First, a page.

Company Fraud Case: Crazy Eddie Antar

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Company Fraud
In the 1970’s “fair trade” laws allowed manufacturers to require retailers to sell merchandise at the same price to avoid price competition for their products (Antar, 2011). This type of regulations force Eddie Antar to look for a different alternative in order to remain in business. It appears as if his only options were to purchase overseas and overstock from other retailers. Crazy Eddie stores had one goal in mind; sell a product to every customer that walked into their stores. Greed and personal gain was the main reason why the Antar family was able to commit fraud for 17 years without questioning until shortly after the company made its IPO. It is estimated that a fraud scheme of more than $120 million took place throughout
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Antar and Ronnie Gindi each owned 1/3 of the store named Sights and Sounds (renamed Crazy Eddie) which was located in Brooklyn, New York. During those times, “fair trade” laws were forcing small retailers into going out of business. In order to have a profitable business, for more than a decade Eddie Antar and family recurred to make several decisions that marked them for life. Misleading actions from everyone “employed” at Crazy Eddie’s resulted in a lucrative adventure for many that in the end only punished a few.
The company’s marketing strategy appeared to be one of their most valuable assets. Its message was simple: “Shop around. Get the best prices you can find. Then go to Crazy Eddie and he’ll beat it! Crazy Eddie’s Prices are Insane!” (Antar, 2011). The strategy appeared to attract a lot of customers and the Antar’s were determine to make their business extremely profitable by all means necessary.
The FBI (n.d.) defines white collar crime as a form of lying, cheating and stealing thousand, millions and even billions of dollars from investors as a result of a fraud scheme. As Antar (2011) describes, the evolution of the Crazy Eddie crime drama illustrates how petty, easily rationalized criminal infractions can escalate into serious and complex frauds and conspiracies, without so much as a thought given to concepts such as morality, ethics and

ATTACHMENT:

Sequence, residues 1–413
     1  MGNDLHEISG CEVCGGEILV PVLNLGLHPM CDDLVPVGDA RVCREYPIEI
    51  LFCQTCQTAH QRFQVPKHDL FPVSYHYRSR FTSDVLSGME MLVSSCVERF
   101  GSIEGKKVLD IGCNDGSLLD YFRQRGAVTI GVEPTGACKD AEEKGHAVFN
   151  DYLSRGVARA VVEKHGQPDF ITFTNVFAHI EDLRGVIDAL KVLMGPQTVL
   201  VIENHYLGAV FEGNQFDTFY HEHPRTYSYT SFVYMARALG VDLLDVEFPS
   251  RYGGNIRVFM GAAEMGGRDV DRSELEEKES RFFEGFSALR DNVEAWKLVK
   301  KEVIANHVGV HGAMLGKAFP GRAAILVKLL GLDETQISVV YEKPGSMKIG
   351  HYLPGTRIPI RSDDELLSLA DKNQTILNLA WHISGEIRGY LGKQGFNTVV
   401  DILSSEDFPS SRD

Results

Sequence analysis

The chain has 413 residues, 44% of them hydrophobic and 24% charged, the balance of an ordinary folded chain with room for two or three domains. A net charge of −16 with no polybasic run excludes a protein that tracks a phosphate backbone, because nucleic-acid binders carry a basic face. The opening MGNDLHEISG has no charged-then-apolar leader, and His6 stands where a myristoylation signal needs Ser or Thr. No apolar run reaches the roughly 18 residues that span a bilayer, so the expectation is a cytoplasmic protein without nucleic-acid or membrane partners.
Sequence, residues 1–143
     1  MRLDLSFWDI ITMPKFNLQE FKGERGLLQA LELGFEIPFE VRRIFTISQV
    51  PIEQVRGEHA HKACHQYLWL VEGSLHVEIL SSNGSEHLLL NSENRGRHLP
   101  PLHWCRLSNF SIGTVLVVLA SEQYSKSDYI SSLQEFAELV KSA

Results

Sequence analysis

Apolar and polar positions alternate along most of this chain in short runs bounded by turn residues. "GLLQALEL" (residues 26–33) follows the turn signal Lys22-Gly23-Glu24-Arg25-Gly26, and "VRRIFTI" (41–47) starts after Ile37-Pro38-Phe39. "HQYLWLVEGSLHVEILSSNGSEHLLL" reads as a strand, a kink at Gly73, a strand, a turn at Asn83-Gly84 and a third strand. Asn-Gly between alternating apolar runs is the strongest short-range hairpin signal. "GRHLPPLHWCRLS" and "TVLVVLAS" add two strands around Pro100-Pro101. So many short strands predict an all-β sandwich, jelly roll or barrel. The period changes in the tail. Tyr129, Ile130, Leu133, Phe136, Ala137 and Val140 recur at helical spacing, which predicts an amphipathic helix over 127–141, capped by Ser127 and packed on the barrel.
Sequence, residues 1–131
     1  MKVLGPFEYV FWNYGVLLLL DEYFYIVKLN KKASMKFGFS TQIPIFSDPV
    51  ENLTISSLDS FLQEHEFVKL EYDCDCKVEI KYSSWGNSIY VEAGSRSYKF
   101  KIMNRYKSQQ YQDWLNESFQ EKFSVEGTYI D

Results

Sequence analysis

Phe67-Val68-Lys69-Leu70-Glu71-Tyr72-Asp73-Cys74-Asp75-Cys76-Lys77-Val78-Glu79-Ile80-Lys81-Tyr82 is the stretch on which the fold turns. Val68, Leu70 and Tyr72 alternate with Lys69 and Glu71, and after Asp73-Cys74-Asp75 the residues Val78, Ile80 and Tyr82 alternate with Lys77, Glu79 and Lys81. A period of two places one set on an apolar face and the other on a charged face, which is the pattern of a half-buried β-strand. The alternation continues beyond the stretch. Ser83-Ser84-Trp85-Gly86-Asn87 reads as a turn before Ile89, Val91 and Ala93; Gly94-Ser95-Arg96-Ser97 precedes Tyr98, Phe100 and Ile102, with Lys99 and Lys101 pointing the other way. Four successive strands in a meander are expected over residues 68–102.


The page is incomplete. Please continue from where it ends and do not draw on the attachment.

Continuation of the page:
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However, only two weeks after the takeover it was discovered that over $40 million of inventory were nowhere to be found, marking the beginning of the end of Crazy Eddie. In June 1989, following the takeover, the new owners of the company filed for Chapter 11 – Bankruptcy (Mock, 2004). In September 1989 the SEC commenced an enforcement action against Antar and others (SEC, 1997). Eventually the SEC and the FBI were able to identify fraudulent activities performed by the Antar family and its associates:
• Falsifying the books and records of Crazy Eddie in order to make the company’s financial performance appear stronger that it actually was.
• Falsely overstating inventory by approximately $2 million in 1985.
• Artificially inflating inventory counts, resulting in overstating of inventory by approximately $10 million.
• Depositing outside money into Crazy Eddie’s bank accounts to be perceived as retail sales.
• At the end of fiscal year 1987 inventory counts were artificially inflated by falsifying count sheets.
• The primary purpose in perpetrating these fraudulent schemes was to increase price of Crazy Eddie stock to public investors.
On July 16, 1990, the SEC obtained a judgement for $73,496,432, plus interest, against Eddie Antar in the United States District Court for the District of New Jersey and the SEC was able to recover assets from accounts Eddie Antar had in Switzerland, Israel, Liechtenstein,

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